News | Published:

The S.S. Orcades ; the Latest Orient Liner

Nature volume 140, pages 498499 (18 September 1937) | Download Citation

Subjects

Abstract

LAST month the Orient liner Orcades started on her maiden voyage. According to an article in the Electrical Review of August 27, it is claimed that she is the first British ship on the Suez route to have a public sitting-room supplied with conditioned air. Conditioned air is supplied to the public rooms and to several of the cabins. It is not sufficient for comfort to have only ventilation and correct temperature ; the humidity must also be controlled within fairly narrow limits. In the tropics, the atmosphere is frequently uncomfortably damp. To reduce the temperature without extracting moisture from the air raises the relative humidity and may make the conditions more uncomfortable. When the climate is colder, air after warming sometimes becomes unpleasantly dry. Hence although air conditioning as it is managed at present is expensive, it may add greatly to the comfort and well-being of the passengers. The new vessel—an eight decker—has been built by Vickers Armstrong for cruises and for service on routes between England and Australia. Its gross tonnage is 23,445 and it will accommodate 463 first-class and 605 tourist passengers and a crew of 466. Steam is provided by six oil-fired Babcock and Wilcox boilers. Pipes conduct it to two sets of 1,715 revs, per min. Parsons turbines. These drive the propellers at 112 r.p.m. by means of mechanical gearing. Two systems of intercommunication telephones are installed. The Marconi International Communication Co. has installed an all-wave radio installation, including a direction finder, and an 'echometer' depth sounder, together with a broadcast system of loud speakers throughout the vessel. Time is given by means of 82 synchronous clocks. A portable sound picture equipment by the Western Electric Co. is one of the many forms of entertainment provided.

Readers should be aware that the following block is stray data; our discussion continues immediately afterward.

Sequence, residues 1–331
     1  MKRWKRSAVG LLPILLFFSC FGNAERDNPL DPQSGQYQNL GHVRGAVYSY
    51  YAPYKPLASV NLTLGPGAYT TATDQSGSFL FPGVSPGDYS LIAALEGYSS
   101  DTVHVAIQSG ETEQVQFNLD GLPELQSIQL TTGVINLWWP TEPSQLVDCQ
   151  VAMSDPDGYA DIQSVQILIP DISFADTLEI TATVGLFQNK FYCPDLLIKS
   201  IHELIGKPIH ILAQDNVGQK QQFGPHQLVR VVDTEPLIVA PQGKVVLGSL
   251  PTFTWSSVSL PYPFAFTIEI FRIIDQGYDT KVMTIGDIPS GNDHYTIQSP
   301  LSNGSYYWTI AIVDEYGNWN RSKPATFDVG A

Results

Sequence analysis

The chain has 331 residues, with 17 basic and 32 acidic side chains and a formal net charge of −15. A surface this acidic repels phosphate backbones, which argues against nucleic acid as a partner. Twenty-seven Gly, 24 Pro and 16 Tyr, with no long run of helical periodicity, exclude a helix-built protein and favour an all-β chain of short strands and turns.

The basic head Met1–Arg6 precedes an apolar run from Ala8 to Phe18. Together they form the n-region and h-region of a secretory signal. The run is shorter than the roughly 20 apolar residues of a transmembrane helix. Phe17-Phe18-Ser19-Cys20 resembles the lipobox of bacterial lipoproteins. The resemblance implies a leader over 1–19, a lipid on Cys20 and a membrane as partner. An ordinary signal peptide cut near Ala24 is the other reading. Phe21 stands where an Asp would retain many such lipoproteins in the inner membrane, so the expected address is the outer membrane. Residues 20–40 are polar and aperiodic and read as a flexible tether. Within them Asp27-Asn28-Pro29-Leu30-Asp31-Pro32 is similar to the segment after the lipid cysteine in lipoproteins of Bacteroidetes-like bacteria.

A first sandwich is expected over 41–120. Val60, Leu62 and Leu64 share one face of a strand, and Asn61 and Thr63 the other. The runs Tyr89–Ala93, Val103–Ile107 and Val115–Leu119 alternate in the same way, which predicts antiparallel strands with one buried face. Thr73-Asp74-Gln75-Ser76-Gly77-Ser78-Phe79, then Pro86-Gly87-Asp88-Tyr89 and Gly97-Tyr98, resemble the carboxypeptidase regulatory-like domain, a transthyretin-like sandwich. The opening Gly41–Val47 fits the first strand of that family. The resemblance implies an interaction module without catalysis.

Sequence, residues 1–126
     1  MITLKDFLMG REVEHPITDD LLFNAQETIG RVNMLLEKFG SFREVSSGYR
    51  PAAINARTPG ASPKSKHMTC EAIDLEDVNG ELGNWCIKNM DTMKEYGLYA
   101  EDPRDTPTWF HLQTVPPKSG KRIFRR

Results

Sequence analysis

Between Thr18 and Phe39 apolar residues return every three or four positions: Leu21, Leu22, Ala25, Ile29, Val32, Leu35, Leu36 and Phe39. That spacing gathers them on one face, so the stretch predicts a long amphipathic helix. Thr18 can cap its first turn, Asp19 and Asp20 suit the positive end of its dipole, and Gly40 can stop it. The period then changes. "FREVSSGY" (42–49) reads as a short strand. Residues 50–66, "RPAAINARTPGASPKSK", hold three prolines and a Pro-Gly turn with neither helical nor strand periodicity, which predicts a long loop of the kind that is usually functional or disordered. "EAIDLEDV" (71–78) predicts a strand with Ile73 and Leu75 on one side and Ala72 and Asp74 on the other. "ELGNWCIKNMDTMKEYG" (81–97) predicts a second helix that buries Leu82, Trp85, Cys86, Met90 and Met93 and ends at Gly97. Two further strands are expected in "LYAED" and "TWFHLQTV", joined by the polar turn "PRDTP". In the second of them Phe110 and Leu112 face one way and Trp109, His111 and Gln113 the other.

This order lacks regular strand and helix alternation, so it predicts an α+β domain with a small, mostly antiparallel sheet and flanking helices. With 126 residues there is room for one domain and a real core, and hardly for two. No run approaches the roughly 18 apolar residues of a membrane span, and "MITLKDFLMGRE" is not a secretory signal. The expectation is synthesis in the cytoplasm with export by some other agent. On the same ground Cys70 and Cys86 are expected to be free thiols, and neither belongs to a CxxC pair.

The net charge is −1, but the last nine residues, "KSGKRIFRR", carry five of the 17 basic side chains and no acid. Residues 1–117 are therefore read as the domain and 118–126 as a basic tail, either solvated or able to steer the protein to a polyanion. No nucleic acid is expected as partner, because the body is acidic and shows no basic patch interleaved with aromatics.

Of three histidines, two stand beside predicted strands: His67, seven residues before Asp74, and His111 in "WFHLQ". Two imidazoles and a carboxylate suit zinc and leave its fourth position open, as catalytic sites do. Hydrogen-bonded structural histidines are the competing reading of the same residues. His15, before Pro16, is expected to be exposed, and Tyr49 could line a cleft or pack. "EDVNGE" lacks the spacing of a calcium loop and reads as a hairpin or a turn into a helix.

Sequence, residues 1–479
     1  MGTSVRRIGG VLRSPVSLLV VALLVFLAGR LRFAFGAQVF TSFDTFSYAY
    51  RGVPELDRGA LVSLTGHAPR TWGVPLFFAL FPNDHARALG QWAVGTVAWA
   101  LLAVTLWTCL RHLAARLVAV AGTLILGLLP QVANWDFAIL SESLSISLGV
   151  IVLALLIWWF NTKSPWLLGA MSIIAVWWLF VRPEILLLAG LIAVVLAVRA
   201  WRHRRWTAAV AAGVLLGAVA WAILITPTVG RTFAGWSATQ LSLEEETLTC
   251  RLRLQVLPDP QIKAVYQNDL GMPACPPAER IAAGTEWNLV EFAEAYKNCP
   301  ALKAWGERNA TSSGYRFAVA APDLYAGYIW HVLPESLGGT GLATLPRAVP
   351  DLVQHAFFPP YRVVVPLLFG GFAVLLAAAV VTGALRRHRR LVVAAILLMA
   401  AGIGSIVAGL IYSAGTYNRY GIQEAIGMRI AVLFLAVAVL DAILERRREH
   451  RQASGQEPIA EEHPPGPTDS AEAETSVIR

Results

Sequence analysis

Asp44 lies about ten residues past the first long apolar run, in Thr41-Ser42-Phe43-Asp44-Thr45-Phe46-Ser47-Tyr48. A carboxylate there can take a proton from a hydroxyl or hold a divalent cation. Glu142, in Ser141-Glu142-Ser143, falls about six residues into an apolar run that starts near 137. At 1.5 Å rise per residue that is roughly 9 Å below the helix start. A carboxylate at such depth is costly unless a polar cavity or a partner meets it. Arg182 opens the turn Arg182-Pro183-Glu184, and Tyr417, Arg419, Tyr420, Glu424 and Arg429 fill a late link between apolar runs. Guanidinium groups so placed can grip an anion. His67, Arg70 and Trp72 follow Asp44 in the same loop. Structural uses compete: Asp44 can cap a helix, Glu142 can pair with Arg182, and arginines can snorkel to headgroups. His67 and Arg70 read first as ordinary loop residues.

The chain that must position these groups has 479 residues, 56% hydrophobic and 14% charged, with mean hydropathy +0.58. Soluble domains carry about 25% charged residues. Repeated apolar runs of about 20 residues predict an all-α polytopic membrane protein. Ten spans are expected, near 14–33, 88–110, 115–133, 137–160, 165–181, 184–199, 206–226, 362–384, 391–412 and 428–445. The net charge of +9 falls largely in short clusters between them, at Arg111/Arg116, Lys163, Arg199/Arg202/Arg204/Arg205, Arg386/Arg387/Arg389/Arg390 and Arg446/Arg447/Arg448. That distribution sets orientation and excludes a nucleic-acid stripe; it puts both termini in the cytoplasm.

About this article

Publication history

Published

DOI

https://doi.org/10.1038/140498d0

Authors

    Comments

    By submitting a comment you agree to abide by our Terms and Community Guidelines. If you find something abusive or that does not comply with our terms or guidelines please flag it as inappropriate.

    Newsletter Get the most important science stories of the day, free in your inbox. Sign up for Nature Briefing